New beginnings at Lakeshore: enjoy autumn wildlife

Autumn. It’s the season of vivid sunsets and momentary rainbows amid falling leaves. For some people, autumn heralds the onset of the winter chill: of retreating indoors to keep warm. Before you close your door to the nature outside, let’s take a look at the beauty of autumn.

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What makes this the season of new beginnings for many living species, especially in Lincolnshire?

A breath of fresh air

Photographers love autumn. The light they capture at dawn and dusk in a late morning or early evening shoot casts their subjects in a favourable glow.

Lincolnshire has abundant wildlife for the enthusiastic photographer to catch on film.

Wonders of nature

Seals come in their hundreds to the shores of Lincolnshire’s coastline to give birth to their young. The babies will be born during October and November at Donna Nook and stay on the beach for about a month. If you visit the colony to see them – the grey seal babies are noticeable by their white fur – expect to be among thousands of human visitors. If the seals survive aggressive tides and winter storms, they will leave the breeding colony (north of Mablethorpe and south of Grimsby) to live for 25 years or more, becoming parents themselves after the age of 8.

Seals in rehab

Pups that become separated from their mothers soon after birth may spend their first weeks in an animal hospital at Skegness or Mablethorpe. There, they are taught to look after themselves and learn how to survive before they are released into the wild.

What else is happening in the Lincolnshire countryside this autumn?

A stone’s throw from rolling countryside

Little can compare with life among the beautiful British countryside. Former city dwellers are lured to Lakeshore by the countryside they find at the doorstep of their new retirement home.

Autumn starts with harvest – the bountiful season for berries, nuts and holly.

  • You may see the grey squirrel on the hunt for chestnuts, its favourite treat. Berries and nuts are food for animals who store their food away for the winter months.
  • Pondlife quietens. Frogs hibernate during autumn. If the sun comes out they’ll emerge to forage for food. Then they’ll retreat till spring.
  • Fungus blooms in autumn – there are 17,000 varieties in Britain.
  • Bats (did you know 18 varieties are British residents?) mate in the autumn and fatten up for the winter. Some travel from as far as Lithuania to spend their winter here. Three species of bat call Lincolnshire their home.
  • Badgers live here and will settle wherever they find a rich supply of earthworms. They live in setts and spend their days travelling across their widespread territory.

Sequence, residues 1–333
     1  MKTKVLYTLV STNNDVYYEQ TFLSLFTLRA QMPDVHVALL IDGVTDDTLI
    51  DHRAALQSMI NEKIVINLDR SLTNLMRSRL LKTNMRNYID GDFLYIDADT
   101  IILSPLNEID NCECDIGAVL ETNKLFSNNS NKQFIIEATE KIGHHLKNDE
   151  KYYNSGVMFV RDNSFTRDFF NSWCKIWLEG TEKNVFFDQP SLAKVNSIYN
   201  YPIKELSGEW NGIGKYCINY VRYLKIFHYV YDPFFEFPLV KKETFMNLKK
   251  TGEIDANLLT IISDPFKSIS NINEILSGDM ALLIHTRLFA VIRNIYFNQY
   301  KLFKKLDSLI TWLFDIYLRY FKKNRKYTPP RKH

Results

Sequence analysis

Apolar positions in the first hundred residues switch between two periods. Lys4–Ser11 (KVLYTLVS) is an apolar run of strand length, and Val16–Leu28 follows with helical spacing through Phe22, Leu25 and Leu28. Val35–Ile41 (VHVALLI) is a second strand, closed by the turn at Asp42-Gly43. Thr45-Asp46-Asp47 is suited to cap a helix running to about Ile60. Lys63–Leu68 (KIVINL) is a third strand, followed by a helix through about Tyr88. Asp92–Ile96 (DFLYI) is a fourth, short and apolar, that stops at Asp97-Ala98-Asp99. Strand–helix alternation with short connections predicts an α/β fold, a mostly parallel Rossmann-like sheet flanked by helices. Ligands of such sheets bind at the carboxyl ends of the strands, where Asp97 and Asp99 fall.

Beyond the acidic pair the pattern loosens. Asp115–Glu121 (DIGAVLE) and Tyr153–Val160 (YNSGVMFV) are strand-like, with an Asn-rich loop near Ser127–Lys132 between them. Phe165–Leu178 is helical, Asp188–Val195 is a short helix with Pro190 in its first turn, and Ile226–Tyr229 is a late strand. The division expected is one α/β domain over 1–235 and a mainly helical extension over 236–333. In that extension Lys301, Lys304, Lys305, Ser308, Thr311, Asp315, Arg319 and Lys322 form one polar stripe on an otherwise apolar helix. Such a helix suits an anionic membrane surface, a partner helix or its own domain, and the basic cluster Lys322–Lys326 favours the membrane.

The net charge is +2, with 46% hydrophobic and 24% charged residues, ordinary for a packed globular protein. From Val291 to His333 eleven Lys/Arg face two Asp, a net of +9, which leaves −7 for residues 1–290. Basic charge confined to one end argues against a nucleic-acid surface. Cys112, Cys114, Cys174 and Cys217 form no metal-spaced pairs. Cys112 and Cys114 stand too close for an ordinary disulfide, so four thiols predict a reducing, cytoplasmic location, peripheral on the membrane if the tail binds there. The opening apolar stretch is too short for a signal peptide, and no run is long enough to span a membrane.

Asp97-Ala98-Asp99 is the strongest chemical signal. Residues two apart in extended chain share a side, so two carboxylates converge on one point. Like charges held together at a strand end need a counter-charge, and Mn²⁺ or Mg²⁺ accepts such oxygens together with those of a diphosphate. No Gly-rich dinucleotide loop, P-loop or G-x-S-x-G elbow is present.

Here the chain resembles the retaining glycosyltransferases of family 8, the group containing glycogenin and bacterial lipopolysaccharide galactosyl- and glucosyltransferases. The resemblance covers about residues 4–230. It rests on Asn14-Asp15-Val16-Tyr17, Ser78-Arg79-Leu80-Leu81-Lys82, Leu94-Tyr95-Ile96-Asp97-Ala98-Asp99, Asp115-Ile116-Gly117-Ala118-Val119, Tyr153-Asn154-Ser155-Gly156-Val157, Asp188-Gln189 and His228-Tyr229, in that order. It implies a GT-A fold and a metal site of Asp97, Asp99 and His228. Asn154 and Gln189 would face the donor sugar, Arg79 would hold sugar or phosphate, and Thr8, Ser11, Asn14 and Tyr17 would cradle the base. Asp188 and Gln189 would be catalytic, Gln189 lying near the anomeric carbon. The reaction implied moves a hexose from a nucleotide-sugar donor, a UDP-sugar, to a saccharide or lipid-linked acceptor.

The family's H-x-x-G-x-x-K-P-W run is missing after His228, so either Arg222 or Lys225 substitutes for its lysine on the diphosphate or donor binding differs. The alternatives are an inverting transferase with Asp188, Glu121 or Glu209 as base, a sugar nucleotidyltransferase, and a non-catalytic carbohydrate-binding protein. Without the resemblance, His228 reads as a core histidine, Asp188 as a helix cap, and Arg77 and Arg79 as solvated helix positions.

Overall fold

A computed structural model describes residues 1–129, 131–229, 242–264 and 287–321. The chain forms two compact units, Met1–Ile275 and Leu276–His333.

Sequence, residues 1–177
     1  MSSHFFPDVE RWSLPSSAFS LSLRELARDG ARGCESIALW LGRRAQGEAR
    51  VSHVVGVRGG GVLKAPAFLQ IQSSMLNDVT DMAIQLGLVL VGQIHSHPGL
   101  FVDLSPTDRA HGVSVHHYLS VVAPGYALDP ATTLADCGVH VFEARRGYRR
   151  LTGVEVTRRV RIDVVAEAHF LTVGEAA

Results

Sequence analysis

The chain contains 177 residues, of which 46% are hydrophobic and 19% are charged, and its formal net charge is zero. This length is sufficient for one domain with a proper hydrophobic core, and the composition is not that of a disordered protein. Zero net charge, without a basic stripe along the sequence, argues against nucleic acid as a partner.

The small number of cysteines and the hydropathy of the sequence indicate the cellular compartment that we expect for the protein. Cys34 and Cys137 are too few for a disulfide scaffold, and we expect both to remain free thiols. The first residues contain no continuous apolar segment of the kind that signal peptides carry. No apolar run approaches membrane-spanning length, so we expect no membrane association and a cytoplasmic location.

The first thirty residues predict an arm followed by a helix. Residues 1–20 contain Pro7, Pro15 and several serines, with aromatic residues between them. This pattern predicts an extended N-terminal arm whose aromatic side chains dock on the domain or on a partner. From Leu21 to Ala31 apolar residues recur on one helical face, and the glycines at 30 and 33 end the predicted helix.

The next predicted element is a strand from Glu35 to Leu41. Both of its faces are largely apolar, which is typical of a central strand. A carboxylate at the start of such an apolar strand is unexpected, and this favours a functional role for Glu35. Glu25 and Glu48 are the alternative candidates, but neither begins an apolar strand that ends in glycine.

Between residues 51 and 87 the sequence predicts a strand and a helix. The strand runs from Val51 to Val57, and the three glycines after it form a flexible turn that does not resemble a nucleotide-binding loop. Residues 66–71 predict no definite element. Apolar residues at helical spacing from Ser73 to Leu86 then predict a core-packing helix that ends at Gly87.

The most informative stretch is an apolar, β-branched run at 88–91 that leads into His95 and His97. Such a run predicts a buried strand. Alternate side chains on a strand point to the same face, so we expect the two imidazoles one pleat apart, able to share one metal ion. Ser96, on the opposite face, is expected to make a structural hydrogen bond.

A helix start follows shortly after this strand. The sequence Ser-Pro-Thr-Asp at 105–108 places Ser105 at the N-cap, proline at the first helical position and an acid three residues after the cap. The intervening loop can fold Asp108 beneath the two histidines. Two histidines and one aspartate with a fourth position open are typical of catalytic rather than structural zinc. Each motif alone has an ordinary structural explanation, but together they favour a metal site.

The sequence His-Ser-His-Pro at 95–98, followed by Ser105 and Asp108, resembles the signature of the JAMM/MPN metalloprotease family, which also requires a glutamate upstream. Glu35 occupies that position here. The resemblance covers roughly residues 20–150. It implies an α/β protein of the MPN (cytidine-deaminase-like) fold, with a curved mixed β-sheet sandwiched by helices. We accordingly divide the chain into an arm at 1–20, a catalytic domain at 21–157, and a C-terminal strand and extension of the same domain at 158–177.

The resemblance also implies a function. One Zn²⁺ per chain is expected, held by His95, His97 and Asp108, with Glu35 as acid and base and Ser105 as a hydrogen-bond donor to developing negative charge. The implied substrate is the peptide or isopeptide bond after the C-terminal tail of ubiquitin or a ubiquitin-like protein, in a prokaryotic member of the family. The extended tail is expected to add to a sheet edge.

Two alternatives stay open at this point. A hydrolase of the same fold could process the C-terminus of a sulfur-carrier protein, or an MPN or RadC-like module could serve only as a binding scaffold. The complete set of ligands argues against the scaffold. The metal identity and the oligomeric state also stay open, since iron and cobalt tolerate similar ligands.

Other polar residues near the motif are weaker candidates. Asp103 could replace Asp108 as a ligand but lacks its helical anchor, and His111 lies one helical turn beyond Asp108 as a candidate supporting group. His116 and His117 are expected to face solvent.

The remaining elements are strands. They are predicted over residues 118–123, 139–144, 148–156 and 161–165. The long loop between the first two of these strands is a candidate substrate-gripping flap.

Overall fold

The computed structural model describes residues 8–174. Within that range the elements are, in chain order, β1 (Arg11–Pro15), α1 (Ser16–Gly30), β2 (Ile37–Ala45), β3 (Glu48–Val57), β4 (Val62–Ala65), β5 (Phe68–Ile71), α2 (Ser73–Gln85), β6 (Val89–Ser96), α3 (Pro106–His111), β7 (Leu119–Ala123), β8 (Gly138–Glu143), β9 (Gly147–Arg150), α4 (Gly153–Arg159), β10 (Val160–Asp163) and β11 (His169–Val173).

• Autumn is rutting season for Lincolnshire’s deer. See the native roe deer in Witham Valley Country Park, the Wolds and in Brocklesby and Normanby. Also look out for red and fallow deer and listen out as the stags call the hinds as they gather in herds this season.

City centre wildlife

Brayford Pool is home to a thriving population of mute swans. Peregrine falcons can be spotted perching on the towers of Lincoln Cathedral. Closer to home, you can enjoy autumn at Lakeshore without moving from your garden. The blackbirds you see from your decking may be enjoying a welcome break from Scandinavia.

Frampton Marsh

Frampton Marsh is home to the RSPB’s reserve. Here, migrating birds such as the Snow Bunting stop for the milder winters to escape harsh temperatures in their home country. Others fly south for warmer climates. If you’re out after dusk you may see flocks of migrating birds flying at night to avoid predators.

The saltmarsh offers an abundance of rich pickings for avocet, lapwings, redshank and little ringed plovers. Look out for kingfishers in the tidal creeks during wintertime.

Wildlife can be easier to spot in the autumn. Plan your own Lincolnshire Nature Reserve Tour using this map.


Getting involved with wildlife conservation is popular with retirees. If you want to do more than observe, you can offer your time and services by taking on a volunteer role. Working to help animals helps us as much as it does them. Studies have shown that being in the presence of animals lowers blood pressure.

Choose your favourite animal, plant or bird and do your bit to help it thrive in its natural habitat at:

  1. Lincolnshire Wildlife Trust
  2. Donna Nook
  3. Boultham Mere, your nearest nature reserve, 5 miles from Lakeshore.
  4. Whisby Nature Reserve (7 miles away
  5. Or see the Wildlife Trust’s Living Seas page to find out what you can do to help.

Go out and see the Lincolnshire countryside in the autumn. Notice how the season changes into winter and make the most of the short, bright autumnal days.

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